Every week Hannibal Tabu (journalist/novelist/poet/jackass) goes to a comic book store called Comics Ink in Culver City, CA (Overland and Braddock -- hey Steve and Jason) and grabs a whole lotta comics. These periodicals are quickly sorted into two piles -- the "buy" pile (a small pile most weeks, comprised of books that are too good to not own) and the "read" pile (often huge, often including comics that are really crappy but have some value to stay abreast of). Thursdays (Diamond monopolistic practices willing), you'll be able to get thoughts about all of that ... something like this ...


It's a bitter homecoming for one Fable who bucked the system. Hansel ... well, his story goes far beyond pushing a witch into an oven, and he's reviled and openly hated by numerous members of the Fabletown community ... which makes his appointment as the official ambassador of The Adversary's empire particularly prickly. Hansel, for his part, makes no attempt to smooth things over, appearing imperious and brusque while berating everything from Prince Charming's demeanor to the base architecture of New York City. Hansel's character is cut from quite a haughty bit of cloth, and his appearance adds great tension and excitement to an already fascinating set of characters. Nicely done, all around.

Taking the cliches of Japanese cinema (as seen by those in the western world), this issue is a flawless mix of humor, action, tension and mystique. As the title character Sam Noir (seriously, that's his name) slices his way through ascending levels of dangerous henchmen with stark, pure artwork and a sense of intimacy that can't be beaten. As hard as it is to imagine, this issue is even better than the one that preceded it, a flawless and direct gestalt of two honored fictional traditions that does a great service to both. More is said with shadows and filled-in lines than anything else, a story told largely in silhouette. Fantastic entertainment here.

Guide books rock. They just do. You have a property that interests you, and suddenly you have a full set of data about everything going on and who's doing it. That's fine. But to take that same sort of data and forge it into a documentary-styled narrative, told with all the snark and wit of the title's bedraggled protagonist intact ... well, that's something special. Much like "Civil War Files" a few weeks ago (how innocent we all were, then), this is a great piece of characterization and a compelling look at a New York City you'd never want to visit.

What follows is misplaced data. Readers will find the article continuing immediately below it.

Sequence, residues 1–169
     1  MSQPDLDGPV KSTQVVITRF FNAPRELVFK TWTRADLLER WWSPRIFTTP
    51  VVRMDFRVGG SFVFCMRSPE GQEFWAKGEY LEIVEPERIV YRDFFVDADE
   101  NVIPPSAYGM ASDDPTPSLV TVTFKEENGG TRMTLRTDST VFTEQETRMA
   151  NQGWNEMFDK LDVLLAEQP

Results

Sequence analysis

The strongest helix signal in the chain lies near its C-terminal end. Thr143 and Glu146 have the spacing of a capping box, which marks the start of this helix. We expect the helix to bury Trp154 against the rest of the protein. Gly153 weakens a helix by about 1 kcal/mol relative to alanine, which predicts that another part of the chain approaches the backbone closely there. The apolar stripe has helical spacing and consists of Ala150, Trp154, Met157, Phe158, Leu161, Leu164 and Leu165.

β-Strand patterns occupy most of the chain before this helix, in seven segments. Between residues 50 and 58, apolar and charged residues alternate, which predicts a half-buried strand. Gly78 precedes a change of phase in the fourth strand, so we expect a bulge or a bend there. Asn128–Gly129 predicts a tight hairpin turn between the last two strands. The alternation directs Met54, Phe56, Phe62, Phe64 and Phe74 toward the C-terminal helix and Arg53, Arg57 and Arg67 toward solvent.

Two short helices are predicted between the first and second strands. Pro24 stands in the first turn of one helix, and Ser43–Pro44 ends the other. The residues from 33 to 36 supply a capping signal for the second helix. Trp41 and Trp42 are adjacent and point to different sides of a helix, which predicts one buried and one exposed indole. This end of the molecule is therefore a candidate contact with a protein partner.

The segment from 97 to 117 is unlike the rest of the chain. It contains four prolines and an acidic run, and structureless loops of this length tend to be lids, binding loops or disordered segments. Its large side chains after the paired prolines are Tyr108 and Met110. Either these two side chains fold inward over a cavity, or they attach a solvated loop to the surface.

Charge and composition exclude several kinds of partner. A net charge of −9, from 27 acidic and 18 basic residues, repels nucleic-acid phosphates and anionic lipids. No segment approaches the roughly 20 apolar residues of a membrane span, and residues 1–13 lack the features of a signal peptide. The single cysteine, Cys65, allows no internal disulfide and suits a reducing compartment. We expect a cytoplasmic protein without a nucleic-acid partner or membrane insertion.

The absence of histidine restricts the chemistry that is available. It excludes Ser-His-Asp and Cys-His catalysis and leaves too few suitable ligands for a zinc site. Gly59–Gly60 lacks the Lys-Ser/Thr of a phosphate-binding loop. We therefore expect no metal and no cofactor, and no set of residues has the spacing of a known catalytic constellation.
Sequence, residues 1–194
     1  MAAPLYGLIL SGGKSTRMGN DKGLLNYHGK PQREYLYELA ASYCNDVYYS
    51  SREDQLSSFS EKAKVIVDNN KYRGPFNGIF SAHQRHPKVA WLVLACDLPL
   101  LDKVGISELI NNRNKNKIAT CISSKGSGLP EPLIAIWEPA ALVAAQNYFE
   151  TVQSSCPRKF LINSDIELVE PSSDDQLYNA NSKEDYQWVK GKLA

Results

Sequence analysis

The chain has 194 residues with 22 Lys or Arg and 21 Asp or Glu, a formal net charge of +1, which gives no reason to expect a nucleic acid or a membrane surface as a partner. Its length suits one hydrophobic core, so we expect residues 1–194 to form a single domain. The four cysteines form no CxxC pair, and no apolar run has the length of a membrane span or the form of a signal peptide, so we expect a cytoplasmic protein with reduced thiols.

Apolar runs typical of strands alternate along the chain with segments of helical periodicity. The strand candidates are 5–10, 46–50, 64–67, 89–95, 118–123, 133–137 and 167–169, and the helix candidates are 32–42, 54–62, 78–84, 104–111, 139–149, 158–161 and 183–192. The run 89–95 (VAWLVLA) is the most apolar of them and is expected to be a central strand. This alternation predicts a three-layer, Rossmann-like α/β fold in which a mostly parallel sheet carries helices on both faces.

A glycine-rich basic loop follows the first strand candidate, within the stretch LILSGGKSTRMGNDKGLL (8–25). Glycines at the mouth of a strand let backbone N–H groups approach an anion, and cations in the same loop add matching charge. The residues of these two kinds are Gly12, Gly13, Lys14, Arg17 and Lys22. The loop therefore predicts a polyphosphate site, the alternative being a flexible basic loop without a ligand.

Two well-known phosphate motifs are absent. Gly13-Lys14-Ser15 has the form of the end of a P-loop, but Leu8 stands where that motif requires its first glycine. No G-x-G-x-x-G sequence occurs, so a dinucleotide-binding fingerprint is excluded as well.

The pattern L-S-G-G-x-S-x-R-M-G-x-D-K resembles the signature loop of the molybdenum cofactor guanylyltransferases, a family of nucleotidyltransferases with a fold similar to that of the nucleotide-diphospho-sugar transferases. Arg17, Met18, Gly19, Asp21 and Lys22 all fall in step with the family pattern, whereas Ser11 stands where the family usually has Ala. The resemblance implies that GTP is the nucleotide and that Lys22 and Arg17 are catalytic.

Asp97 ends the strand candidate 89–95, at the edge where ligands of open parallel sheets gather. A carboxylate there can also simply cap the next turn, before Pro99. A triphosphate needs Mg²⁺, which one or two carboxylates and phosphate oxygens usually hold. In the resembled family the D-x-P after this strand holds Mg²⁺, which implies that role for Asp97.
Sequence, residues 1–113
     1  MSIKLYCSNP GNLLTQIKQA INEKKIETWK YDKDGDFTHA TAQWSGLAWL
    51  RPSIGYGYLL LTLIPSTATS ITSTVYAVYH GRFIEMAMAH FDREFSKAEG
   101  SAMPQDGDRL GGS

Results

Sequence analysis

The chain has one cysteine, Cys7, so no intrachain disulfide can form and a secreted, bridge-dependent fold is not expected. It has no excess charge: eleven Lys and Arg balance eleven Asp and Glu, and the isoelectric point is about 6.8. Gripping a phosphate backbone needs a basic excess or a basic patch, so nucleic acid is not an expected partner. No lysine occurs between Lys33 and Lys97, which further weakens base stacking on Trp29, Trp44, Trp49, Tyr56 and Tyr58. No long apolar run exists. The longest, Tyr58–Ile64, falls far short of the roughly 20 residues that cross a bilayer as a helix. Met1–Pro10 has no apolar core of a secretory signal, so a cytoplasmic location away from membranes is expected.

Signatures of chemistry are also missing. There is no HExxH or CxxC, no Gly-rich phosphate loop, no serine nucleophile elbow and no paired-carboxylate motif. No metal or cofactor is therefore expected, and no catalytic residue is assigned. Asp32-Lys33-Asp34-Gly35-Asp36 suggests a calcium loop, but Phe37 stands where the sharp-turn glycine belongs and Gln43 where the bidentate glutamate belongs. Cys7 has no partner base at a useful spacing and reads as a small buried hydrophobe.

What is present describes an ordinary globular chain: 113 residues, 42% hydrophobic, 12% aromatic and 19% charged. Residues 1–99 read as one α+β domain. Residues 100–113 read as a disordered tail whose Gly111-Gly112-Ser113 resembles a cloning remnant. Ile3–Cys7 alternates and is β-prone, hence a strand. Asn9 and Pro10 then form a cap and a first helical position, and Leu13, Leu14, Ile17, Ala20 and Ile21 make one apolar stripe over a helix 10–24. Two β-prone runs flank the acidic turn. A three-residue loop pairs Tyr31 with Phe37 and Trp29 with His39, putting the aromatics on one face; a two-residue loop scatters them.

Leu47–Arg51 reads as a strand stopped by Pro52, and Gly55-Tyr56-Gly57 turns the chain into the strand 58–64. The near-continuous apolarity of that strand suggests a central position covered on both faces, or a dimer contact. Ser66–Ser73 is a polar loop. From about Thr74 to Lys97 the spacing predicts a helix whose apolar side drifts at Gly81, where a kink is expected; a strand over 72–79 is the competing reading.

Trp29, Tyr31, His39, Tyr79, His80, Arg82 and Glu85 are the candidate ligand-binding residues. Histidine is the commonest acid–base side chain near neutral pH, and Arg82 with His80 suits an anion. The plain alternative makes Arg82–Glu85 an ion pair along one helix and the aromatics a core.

Good stuff.


Honorable Mentions:

The "Lost" similarities (especially season one) are pretty big in "X-Isle" #3, where big mysteries loom their head and weirdness becomes de rigeur, but it has yet to really stand up and say "here I am" as a story. Black Adam founds his own Shazam-powered family in "52" #23 while a whole island of mad scientists find fun in the sun ... interesting, but eh. "Ultimate Power" #1 was (as Steve says) "all set-up" with Ultimate Reed looking for trouble and finding it in an issue that looked great and had one amazing line ("all Project Pegasus business is classified under the Gruenwald Doctrine") but little to recommend it besides its beauty. "Green Arrow" #67 is a hard education for Ollie Queen, taking his "heroism" into delightful gray areas, and had some nice character moments for Connor and Mia, but just kind of skirted past certain elements and let the pitch go by. "Thunderbolts" #107 was another near miss, with the main Zemo plot being fascinating but the numerous super villain fights, led by an indecisive Otto Octavius, took too much away from the really relevant happenings. "Green Lantern Corps" #5 was a remarkable improvement, with good stuff going on but ultimately too much of it -- focusing just on what happened with Guy, or Mogo, would have done the trick. But add the superluminal chase, and the stuff on Oa, eh. "Ultimate X-Men" #75 was okay with a very effective Ultimate Cable showing up, but just kind of threw it all at you without any nuance.

No, just ... no ...

Note: Misusing the "shear/sheer" thing and then getting it right in the next panel on the same page means you need to hire more editors, because in conception and execution, "Martian Manhunter" #3 was a mess, and needed a stronger hand guiding it. "Worldstorm" #1 was an even more limp guide book than the normally lame "Secret Files & Origins" from their pals at DC, "Tales of the Unexpected" might have wowed people thirty years ago, but today merely seems a poor entertainment-to-money ratio. "Gen 13" #1 would have been better if it wasn't so predictable (and that Devil's Due series "Defex" using lots of similar elements in character interaction just two years ago). "Civil War: Frontline" #7 had some interesting elements (including a Jack Ruby moment and Osborn unleashed) but just seemed too sad to put together any real stories (and the overlaid attempts at tying this to World War Two are just insulting). "JLA Classified" #28 would have been much better with more dynamic art, as the undercover content had some real appeal in that old "JL Elite" way,' but missed it. "Firestorm" #30 was doing all right until it fell apart with some very convoluted storytelling on the last three or four pages.


Kind of rough, all told.


Gotta call it a loss, as so much came close and then yanked entertainment from your grasp, this is one of those weeks you wish that you'd have stayed at home.

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